There’s a stigma attached to the phrase “it’s fun with friends”, mostly due to almost everything being fun with friends. Army of Two was a series that, at least to me, defined the fun with friends mantra as a positive, not a negative. But what happened to the series?
Launching in March 2008, Army of Two began life as yet another third-person shooter, using cover mechanics. It had tight controls for the time, but it had (an army of) two key selling points. The first selling point is the large amount of customisation. You could change your mask, allowing you to add a little spice to how your version of the characters looked. You were allowed to change various different parts of your weapons, changing how they feel, how large of a clip you’d have, or even adding a gun-shield. This allowed players to rock through the game with their own flair and increased replayability. The second, and arguably more important feature, is the co-op focus. Multiple times throughout each level, you’ll be prompted for a co-op action. Sometimes they’re based around traversal, such as lifting your partner over a gap, sometimes a co-op sniping situation could occur, or most importantly, you could go back to back. Back to back allows both players an infinite amount of ammo, allowing you to slaughter everyone in your path.
Army of Two: The 40th Day arrived in January 2010, and brought across and expanded on the features of the previous title. Customisation shot up, adding even more options for your guns. They also added the option to design your own mask via their website, virtually adding an unlimited amount of masks you could play through the game. While the first game had some humorous writing, Army of Two: The 40th Day doubled down on this, adding some true charm and more than a few laugh out loud moments. I’ve spent far too many hours messing around with a friend playing through this game and it sits in a fond part of my memory.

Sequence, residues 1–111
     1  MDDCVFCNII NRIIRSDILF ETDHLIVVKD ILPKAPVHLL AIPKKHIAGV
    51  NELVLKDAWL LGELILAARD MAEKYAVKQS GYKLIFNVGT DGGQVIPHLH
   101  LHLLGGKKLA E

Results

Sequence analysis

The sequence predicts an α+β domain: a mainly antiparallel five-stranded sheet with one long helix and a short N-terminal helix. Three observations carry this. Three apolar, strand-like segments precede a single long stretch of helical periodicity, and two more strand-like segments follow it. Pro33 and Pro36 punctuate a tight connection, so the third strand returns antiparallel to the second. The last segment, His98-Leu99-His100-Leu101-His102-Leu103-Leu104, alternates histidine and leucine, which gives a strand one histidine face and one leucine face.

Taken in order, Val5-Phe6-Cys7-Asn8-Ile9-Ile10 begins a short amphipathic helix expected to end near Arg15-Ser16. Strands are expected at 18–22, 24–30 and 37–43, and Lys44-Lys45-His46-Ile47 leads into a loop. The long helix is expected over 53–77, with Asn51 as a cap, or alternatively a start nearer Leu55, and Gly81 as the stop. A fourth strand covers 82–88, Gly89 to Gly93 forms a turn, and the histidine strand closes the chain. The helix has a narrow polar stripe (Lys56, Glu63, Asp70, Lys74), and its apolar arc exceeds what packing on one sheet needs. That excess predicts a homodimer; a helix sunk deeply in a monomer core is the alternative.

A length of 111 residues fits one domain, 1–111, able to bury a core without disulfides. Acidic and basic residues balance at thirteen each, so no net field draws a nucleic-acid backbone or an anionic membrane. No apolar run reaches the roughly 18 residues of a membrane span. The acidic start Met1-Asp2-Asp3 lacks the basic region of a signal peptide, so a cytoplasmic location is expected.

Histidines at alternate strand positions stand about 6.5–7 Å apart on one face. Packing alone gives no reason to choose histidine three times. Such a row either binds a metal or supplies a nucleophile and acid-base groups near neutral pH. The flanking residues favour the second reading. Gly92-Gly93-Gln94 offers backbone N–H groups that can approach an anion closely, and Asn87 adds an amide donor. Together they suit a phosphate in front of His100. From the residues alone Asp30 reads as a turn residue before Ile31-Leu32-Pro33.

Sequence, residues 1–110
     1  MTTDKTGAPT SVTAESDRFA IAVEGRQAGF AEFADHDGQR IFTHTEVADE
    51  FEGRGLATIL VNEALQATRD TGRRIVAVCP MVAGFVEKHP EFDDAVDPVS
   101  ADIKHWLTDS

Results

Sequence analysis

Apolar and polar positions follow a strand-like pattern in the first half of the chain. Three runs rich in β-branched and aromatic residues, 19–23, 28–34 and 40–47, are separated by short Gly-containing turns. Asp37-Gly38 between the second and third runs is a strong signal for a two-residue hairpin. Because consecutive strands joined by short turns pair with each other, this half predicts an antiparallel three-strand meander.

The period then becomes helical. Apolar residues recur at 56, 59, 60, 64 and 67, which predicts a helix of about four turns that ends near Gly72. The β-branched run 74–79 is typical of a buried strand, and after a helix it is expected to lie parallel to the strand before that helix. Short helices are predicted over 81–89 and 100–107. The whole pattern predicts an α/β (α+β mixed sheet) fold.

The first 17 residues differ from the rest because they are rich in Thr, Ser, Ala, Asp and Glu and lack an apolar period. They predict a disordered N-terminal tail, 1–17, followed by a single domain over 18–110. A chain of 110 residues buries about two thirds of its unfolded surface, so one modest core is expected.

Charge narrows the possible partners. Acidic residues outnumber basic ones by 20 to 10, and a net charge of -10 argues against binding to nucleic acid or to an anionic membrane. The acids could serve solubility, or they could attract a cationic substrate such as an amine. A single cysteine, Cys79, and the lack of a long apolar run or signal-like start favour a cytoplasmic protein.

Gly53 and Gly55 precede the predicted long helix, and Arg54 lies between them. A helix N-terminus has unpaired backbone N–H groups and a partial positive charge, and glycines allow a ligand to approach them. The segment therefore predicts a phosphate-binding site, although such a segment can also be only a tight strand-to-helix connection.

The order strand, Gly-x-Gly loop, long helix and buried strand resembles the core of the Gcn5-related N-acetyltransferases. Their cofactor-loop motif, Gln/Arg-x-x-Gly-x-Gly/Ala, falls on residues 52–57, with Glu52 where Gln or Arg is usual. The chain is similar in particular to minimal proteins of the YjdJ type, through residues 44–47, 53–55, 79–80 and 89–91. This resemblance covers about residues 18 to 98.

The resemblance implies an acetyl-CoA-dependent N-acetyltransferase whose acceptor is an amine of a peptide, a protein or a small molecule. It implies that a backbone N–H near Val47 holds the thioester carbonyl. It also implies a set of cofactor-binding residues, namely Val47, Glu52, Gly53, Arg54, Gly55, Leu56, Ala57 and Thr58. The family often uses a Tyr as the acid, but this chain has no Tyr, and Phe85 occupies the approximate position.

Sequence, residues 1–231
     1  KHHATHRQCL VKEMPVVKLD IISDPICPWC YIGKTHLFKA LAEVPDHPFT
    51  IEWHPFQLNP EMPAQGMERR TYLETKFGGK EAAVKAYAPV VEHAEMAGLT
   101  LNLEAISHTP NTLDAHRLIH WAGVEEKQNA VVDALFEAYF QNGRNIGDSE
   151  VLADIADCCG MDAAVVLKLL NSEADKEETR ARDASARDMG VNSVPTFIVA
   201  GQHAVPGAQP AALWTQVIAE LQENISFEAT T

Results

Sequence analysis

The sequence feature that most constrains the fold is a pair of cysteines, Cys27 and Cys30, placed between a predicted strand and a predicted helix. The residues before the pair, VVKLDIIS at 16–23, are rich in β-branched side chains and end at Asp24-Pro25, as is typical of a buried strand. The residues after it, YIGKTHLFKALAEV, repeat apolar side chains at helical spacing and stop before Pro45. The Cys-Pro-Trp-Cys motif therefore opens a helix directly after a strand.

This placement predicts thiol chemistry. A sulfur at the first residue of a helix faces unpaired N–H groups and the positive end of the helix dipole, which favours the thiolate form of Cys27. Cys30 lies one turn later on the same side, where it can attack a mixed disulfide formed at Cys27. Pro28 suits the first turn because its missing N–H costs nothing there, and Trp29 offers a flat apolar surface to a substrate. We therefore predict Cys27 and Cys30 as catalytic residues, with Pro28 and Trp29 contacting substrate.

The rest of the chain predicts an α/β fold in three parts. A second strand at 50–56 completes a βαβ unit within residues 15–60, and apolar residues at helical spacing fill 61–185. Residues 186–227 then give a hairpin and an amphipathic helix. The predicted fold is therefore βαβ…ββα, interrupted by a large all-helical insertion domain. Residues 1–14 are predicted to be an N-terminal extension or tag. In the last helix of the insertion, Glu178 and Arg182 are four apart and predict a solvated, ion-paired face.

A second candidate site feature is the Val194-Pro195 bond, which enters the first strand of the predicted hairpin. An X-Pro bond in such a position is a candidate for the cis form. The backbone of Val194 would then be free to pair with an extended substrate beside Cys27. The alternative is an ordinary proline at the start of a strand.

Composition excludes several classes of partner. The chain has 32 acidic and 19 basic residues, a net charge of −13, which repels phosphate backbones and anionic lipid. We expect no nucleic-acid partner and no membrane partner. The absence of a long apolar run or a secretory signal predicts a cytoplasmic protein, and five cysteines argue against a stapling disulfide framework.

So what happened to Army of Two? In the minds of fans, it only ever had two games and then blissfully passed on from this world. But in the real world, there was a third. The evil sibling that nobody wants, that ends up murdering the entire family. Army of Two: The Devils Cartel.
Launching in March 2013, Army of Two: The Devils Cartel was meant to be more of the same, but it lost its soul along the way. Crazy customisation was gone, to a degree, with there being an emphasis on realism. Mask customisation was added into the actual game, so there was no need for an external site and even more developer-made masks were added into the game for players to purchase. So far, sounds very similar to the other two entries, so what killed it? Mostly the removal of co-op interactions.
You see, co-op interactions were what set Army of Two apart. It allowed players to have varied experiences depending on which character they were playing. Sometimes you’d see slightly different areas of a map, sometimes you’d lay suppressing fire with a sniper rifle as your teammate stormed a building. It allowed you to create experiences. This coupled with the tone changing to a more serious edge, swapping out of the previous main characters and a lack of standout set pieces ultimately resulted in Army of Two: The Devils Cartel receiving mediocre reviews. The series had never achieved great scores and was always seen as a B- tier game, but the removal of fan favourite features caused the game to only manage a measly 260,000 copies worldwide. Ultimately, poor sales and bad fan and critic reactions buried the Army of Two series.
Maybe one day we’ll see Army of Two return. Hopefully, it’ll appear with its spirit intact.